In this chapter we will learn about Circular flow of income and expenditures in relation to GDP.
The most important macroeconomic variable is the “Gross domestic product (GDP)”. GDP measures both a nation’s total output of goods and services and its total income
Countries with High level of GDP per person has everything from better childhood nutrition to better education to more Computers per household.
A large GDP does not ensure that all of a nation’s citizens are happy, but it may be the best formula for happiness that macroeconomists have to offer.
In this chapter we will addresses four groups of questions about the sources and uses of a nation’s GDP:
- How much do the ﬁrms in the economy produce? What determines a nation’s total income?
- Who gets the income from production? How much goes to compensate workers, and how much goes to compensate owners of capital?
- Who buys the output of the economy? How much do households purchase for consumption, how much do households and firms purchase for investment, and how much does the government buy for public purposes?
- What equilibrates the demand for and supply of goods and services? What ensures that desired spending on consumption, investment, and government purchases equals the level of production?
To answer these questions, we must examine how the various parts of the economy interact.
A good place to start is the circular ﬂow diagram of Income and Expenditure.
The circular flow of Income and Expenditures
Imagine an economy that produces a single good, bread, from a single input, labor.
The image above illustrates all the economic transactions that occur between households and ﬁrms in this economy. The inner loop in
The households sell their labor to the ﬁrms. The ﬁrms use the labor of their workers to produce bread. Which the ﬁrms, in turn, sell to the households.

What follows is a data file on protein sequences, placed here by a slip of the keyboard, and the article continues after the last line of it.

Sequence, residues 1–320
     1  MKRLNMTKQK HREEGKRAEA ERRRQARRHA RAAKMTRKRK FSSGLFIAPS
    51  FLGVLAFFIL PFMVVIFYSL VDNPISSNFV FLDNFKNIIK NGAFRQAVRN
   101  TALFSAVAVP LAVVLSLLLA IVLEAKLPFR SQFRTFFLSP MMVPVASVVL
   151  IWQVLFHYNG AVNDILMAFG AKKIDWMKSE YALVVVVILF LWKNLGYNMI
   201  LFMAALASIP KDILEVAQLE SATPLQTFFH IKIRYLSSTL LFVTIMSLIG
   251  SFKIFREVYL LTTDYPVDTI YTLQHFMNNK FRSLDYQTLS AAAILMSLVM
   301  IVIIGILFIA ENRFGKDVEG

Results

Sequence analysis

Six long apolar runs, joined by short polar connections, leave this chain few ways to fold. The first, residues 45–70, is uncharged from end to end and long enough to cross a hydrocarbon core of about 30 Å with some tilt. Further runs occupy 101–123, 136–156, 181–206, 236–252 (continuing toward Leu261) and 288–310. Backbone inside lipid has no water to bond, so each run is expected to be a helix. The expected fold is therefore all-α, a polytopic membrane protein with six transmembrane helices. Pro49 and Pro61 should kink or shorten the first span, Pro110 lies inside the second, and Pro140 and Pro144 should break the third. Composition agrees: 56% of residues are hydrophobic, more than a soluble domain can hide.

Hence, labor ﬂows from households to ﬁrms, and bread ﬂows from ﬁrms to households.
The outer loop represents the corresponding ﬂow of dollars. The households buy bread from the ﬁrms.
The ﬁrms use some of the revenue from these sales to pay the wages of their workers, and the remainder is the proﬁt belonging to the owners of the ﬁrms (who themselves are part of the household sector).
Hence, expenditure on bread ﬂows from households to ﬁrms, and income in the form of wages and proﬁt ﬂows from ﬁrms to households.
GDP measures the ﬂow of dollars in this economy. We can compute it in two ways. GDP is the total income from the production of bread, which equals the sum of wages and proﬁt—the top half of the circular ﬂow of dollars.
GDP is also the total expenditure on purchases of bread, the bottom half of the circular ﬂow of dollars.
To compute GDP, we can look at either the ﬂow of dollars from ﬁrms to households or the ﬂow of dollars from households to ﬁrms.
These two ways of computing GDP must be equal because the expenditure of buyers on products is, by the rules of accounting, income to the sellers of those products.
Every transaction that affects expenditure must affect income, and every transaction that affects income must affect expenditure.
For example, suppose that a ﬁrm produces and sells one more loaf of bread to a household. Clearly, this transaction raises total bread, but it also has an equal effect on total income.
If the ﬁrm produces the extra loaf without hiring any more labor (such as by making the production process more efﬁcient), then proﬁt increases.
If the ﬁrm produces the extra loaf by hiring more labor, then wages increase. In both cases, expenditure and income increase equally.